Thursday, June 29, 2017

Tell Me Your Process

I get asked a lot about my artistic process. It's nice that people are interested, but I'm often confounded by this simple question. Aside from being happy that people are interested in this at all, I often also feel like I'm explaining the process to myself as well as them.

I was never one to sketch out first drafts carefully; I've always been messy and probably impatient. I remember I once had my good friend at art school tell me when I could progress from the draft to the final. "Not yet!" she'd exclaim as I'd sheepishly show her my sad sketches. I love my friend for her help, and yet this process never worked for me. The end result was always stiff and alien to what I wanted to achieve. Plus, it was just never good work.

I was always more comfortable building things. At art school, some of my best work was done in 3D projects and in painting class. I liked to feel the progress through my fingers, feel the emotions of making it, become immersed, get messy. In contrast, when I tried to create more polished illustrations, I failed in spectacular ways. A turning point for me was when an instructor told us not to fight ourselves. We are who we are, we do what we do and art school is not meant to change that. What we perceive as our weaknesses can be strengths and make us stand out. Unfortunately, this advice came a little late for me in art school, but I have never forgotten it and thereafter decided to throw myself into my messy, wild ways.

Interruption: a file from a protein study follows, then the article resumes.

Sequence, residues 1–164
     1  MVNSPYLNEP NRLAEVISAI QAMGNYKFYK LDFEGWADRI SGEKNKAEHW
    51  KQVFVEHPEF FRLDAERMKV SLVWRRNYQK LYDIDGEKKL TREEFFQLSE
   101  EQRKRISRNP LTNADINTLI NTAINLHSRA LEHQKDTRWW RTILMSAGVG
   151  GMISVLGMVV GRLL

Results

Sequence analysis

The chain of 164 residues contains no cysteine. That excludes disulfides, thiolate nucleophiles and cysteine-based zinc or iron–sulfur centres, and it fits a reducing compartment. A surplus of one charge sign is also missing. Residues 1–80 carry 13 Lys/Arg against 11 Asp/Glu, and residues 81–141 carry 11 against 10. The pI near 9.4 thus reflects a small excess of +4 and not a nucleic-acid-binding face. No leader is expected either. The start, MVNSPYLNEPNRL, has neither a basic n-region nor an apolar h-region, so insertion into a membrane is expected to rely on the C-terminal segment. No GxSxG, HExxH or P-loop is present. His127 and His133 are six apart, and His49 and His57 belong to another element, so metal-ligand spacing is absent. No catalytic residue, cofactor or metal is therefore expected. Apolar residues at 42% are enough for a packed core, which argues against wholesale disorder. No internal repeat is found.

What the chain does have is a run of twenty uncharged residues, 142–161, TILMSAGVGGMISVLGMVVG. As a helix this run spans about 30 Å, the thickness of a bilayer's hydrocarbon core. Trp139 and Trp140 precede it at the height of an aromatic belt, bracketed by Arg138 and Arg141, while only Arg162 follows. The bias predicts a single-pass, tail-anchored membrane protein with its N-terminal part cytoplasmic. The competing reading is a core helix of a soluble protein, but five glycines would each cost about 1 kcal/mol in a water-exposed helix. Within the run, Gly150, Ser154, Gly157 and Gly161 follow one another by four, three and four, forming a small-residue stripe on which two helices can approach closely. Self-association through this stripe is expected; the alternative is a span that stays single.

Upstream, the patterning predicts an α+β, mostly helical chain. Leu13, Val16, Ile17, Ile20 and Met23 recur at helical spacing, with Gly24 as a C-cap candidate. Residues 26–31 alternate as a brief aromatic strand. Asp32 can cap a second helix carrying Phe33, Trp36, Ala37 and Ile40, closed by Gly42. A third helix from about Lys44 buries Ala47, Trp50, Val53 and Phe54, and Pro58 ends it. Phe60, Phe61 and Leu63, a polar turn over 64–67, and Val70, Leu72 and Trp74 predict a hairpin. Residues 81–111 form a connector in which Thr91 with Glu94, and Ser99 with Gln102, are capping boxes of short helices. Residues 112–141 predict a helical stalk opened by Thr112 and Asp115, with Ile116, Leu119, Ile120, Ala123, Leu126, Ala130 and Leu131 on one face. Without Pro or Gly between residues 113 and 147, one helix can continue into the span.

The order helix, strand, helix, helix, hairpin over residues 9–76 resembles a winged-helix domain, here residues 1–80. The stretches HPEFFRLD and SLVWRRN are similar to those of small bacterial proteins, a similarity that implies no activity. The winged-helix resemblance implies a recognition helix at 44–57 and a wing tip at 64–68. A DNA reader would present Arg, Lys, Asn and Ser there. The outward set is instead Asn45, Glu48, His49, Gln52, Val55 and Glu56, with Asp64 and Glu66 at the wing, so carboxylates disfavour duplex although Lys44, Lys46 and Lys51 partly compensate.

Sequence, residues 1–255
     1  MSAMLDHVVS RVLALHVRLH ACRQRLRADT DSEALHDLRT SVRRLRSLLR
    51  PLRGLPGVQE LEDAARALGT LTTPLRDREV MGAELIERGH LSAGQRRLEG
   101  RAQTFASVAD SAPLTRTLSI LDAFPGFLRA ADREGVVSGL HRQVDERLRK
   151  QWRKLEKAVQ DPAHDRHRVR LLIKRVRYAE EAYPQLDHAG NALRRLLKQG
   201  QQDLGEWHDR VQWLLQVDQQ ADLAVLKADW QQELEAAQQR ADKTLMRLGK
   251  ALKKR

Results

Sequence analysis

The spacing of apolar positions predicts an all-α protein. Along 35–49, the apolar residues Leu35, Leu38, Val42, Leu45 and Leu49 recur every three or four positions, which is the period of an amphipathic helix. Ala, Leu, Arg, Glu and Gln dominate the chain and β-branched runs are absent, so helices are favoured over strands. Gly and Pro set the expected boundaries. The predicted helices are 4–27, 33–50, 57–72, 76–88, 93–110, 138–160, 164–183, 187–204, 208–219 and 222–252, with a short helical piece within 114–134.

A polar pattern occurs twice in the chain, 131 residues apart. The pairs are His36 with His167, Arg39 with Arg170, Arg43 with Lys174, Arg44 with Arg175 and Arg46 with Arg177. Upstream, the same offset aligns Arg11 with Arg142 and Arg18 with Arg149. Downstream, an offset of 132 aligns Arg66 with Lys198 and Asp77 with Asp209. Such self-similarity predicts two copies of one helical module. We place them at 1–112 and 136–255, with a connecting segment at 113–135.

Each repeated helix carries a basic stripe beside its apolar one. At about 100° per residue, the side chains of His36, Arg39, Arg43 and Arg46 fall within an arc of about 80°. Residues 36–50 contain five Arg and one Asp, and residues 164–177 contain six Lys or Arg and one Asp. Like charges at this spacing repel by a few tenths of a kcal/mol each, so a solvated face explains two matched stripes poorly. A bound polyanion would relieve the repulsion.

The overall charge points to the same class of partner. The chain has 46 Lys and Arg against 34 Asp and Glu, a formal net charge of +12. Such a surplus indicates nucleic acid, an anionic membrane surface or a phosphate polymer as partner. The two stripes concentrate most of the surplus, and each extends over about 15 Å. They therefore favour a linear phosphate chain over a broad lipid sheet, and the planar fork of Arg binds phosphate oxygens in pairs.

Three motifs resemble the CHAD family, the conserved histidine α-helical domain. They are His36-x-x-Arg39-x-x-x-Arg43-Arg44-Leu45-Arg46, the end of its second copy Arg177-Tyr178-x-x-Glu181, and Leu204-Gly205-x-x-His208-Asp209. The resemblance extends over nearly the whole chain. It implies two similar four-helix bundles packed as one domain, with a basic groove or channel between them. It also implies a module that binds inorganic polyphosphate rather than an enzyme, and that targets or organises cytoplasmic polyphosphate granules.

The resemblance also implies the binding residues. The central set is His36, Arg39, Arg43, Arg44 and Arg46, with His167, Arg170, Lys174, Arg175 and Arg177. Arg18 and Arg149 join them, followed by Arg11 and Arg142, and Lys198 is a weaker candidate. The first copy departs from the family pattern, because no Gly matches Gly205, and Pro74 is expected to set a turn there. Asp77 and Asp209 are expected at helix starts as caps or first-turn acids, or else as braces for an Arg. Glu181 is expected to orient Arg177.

As such, I have long abandoned polished first sketches. Of course, if the client wants them, I'll do them. But they aren't really sketches. I approach them more as finished drawings. The actual sketches the clients never see. Am I tricking them or myself? No answer to that. Anyhow, if it's not required, I skip this step and go straight from rough thumbnail to the final.

It has always been crucial though, that I see the final product in my head. I must have an idea of what it should look and feel like. If not, it's like I'm flailing about in the dark. Sometimes, this vision comes to me as I sketch out rough thumbnails. Sometimes it comes to me in the shower, or as I research the topic. But that is where the process starts for me. In my head.

And then I feel it out with my hands. I prep the paper, put down layers of paint and build on those layers with more paint. I have a collection of paper I've painted on, sorted into different colours. I rifle through these, select what I want and cut out shapes. I draw on them and move them around until I'm happy and glue them down. Then I use pencil crayon, ink, and anything else I feel like. This is how I build rather than draw or paint. That's why I do collage.

Ultimately, I'd love to experiment with other media, maybe even experiment with using less types of media within one piece. And I should add that I am in now way married to this style of working. There are parts I cannot change, but if I find a better way to execute my work that also jibes with my natural inclinations, then I will use that method.

So that's it. My process. Now I understand it a bit better myself too.

Sunday, June 25, 2017

Babe in the Woods

I'm so excited to have completed my first kids book illustrations. The book is called Forest Baby, written by Laurie Elmquist, and published by Orca Books.

The book is about a mum and baby going for a walk in the forest. It's a lovely story, describing the things they see, hear and feel. Strangely enough, the job came along while I was on maternity leave and my son and I would often walk by the lake or in the woods, just the two of us. So when I read Laurie's story, I felt very connected to the material. Also, I conveniently had large quantities of reference material to work from. 

Serendipity at work, I guess. Sometimes life is just like that. 

April Maternity Wardrobe

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